Today in particular was a lot of fun. I have to remind myself that even if it doesn’t seem like it at times, Missus is always on my side. Mister too, probably, when he’s home.  Today, Missus and I went to a festival in nearby Kawagoe city. I took pictures, and I can describe them in detail in a future post. I was grouchy all morning because I thought we’d be rained out, but luckily the rain stopped and we were able to go. I also found out that my friend wanted to go, but her host mom couldn’t take her because she was concerned that her son wouldn’t study enough if left to his own devices at home. Luckily she was able to come with Missus and me, and it turned out to be a great time. I think Missus was really happy to meet one of my friends. She told her to come back and hang out again soon. Plus, it was a good choice strategically, because I was having one of my toka-ton-ton moments about my Japanese ability, and having Laura there meant I couldn’t take the easy way out and just not say much. Hopefully I’ll just get better and better at talking about random stuff in Japanese.

"Music battle" between two dashi
When it comes to what actually goes on at a festival like Kawagoe Matsuri, I’m not actually sure what anything means. I asked Missus what kami the festival was for, and she told me that since she wasn’t from Kawagoe, she wasn’t sure, but he got me information about the festival, which was all in Japanese, and told me, laughing, that it was time to study. The main features of the festival were these huge, ornate carts called dashi that had musicians riding them. The dashi were all from different cities, and each had slightly different instruments. They would stop and face each other to have a “musical battle,” so to speak.

Long line of cars waiting for the dashi to pass
The thing that stands out to me every time I go to a matsuri is the weird space in time it occupies, between traditional and modern. At Fukuro Matsuri, the mikoshi portable shrine was paraded past McDonald’s. And at Kawagoe, the dashi had their music battle in the middle of a street, while cars waited in a long line to be allowed to pass. As the dashi-riding musicians performed, you could hear in the background the bin-bon, bin-bon sound that Japanese traffic lights make while they’re green, so that visually impaired people know it’s safe to cross the street. Kids could buy masks shaped like the faces of various Pokemon, Anpanman, Ultraman, and Doraemon or eat a bag of cotton candy advertising the disgustingly popular all-female idol band AKB48. The food vendors freely borrowed Disney characters to advertise their stalls, along with Hello Kitty, Pikachu, and Doraemon. You could even buy kasutera cakes shaped like Pikachu or Doraemon (Pikachu kasutera is actually my breakfast tomorrow, so I’ll let you know what kasutera is after that). At every festival, there are the enthusiastic participants that carry the mikoshi, wear the festival clothing, act in the performances, or play music on the dashi. And then there are the people who don’t understand the rituals, who come to watch something big and cool and pretty happen and to take pictures of it. And most of those people are Japanese. The same is true at the most famous Buddhist temples. They’re full of schoolchildren on field trips, who probably still know the legends of the place better than I do, but who aren’t necessarily approaching it with a sense of reverence. Then right next to them are the people who are sincerely praying and making offerings to the Buddha. It’s truly an interesting contrast.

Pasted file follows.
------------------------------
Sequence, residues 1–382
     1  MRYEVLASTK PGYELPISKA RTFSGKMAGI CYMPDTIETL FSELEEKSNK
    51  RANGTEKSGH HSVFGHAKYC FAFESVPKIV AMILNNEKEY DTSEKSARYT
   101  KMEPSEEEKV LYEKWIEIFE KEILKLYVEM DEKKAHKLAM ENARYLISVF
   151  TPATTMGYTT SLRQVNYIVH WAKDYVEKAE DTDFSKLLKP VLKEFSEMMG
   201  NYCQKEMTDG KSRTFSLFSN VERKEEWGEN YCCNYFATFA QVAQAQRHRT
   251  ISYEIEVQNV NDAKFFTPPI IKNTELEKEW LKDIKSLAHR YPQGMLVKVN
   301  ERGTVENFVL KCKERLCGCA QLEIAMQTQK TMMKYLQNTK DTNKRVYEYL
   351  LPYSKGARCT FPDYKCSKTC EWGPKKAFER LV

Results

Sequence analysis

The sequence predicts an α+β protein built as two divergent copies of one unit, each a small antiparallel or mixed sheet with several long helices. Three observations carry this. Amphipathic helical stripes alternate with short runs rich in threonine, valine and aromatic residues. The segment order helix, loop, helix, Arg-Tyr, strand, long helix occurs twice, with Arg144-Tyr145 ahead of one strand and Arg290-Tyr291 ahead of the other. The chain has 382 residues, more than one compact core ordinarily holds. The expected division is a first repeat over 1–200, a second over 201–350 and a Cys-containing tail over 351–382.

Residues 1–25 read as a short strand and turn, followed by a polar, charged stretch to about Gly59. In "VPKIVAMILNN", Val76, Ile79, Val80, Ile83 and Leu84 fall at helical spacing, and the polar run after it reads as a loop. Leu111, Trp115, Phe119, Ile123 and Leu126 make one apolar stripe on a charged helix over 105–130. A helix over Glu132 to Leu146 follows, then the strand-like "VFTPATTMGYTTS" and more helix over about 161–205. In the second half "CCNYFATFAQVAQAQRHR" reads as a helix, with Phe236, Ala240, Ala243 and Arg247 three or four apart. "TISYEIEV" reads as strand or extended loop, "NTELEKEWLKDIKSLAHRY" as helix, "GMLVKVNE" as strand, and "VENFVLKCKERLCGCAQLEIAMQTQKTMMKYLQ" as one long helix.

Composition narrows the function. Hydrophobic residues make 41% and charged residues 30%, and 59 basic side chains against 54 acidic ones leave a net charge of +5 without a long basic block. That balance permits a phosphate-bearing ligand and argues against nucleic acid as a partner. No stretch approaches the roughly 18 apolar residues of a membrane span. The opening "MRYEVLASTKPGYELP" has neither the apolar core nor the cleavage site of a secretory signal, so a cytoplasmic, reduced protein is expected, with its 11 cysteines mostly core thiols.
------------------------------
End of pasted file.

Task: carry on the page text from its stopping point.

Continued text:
Another interesting thing about festivals is of, course, the food. I ate so much today. At the festival alone, I had a chocolate covered banana, a churro (Mexican food at a Japanese festival, yes indeed), a McDonald’s chicken thing (Missus had coupons), and tama-konyaku (round pieces of a chewy, rubbery, surprisingly delicious Japanese root vegetable product, served on a skewer with horseradish mustard), and then after we left, Missus treated me to a dinner of Korean food because there was a new restaurant she wanted to try. Yummmm. Then I came home and naturally wanted to eat candy while doing my homework, so I broke out my current addiction, Kinoko-no-yama, which is a Japanese chocolate shaped like a mushroom. I keep finding it in all different flavors lately (orange chocolate, murasaki imo…) so naturally I have to try all of them. I miss the Japan Term meal stipend, and my dining hall meal plan so much in Japan…

2 Responses so far.

  1. Laurie says:

    Glad you are making the most of all of your experiences. Sounds like quite a few food adventures...which isn't surprising considering your family heritage! Did you read Shannon's blogs about the festivals she has been to? Have you read the material missus gave you about the festival you attended? Ha, Ha. I'm sure that will require some persistence.

    Your pictures from the pokemon center are so cute! We love you!

  2. I definitely relate to the process you're describing. I'm in one of the valleys myself at the moment. Getting violently shoved (more like slapped in the ass!) by an old lady on the subway just for accidentally landing on her foot, and then proceeding to receive the dirtiest looks ever from her for the rest of the subway ride sort-of brought home how many people hate the fact that I'm in this country. I'm realizing more and more that there's no way I'll ever fit in here, or want to live here. I guess I might as well enjoy the food and the touristy stuff while I'm here then.

    Regarding Holman, just remember that man is an idiot and you'll feel better. The more I hear about him and his teaching "methods" the more I hate him.

    The matsuri sounds fun!
    It's always comforting to me when I'm being a tourist if there are Japanese people who are also being tourists.

    Apparently one year at the Asuke festival my professor was approached by a kannushi (priest) who immediately started telling him how disappointed he was that young people didn't understand the festival any more and didn't care.

    It's an interesting contrast.
    It was also interesting when we went to the Tarui festival and we were trying to figure out the purpose of the festival how many people said "Eh, we don't really know!"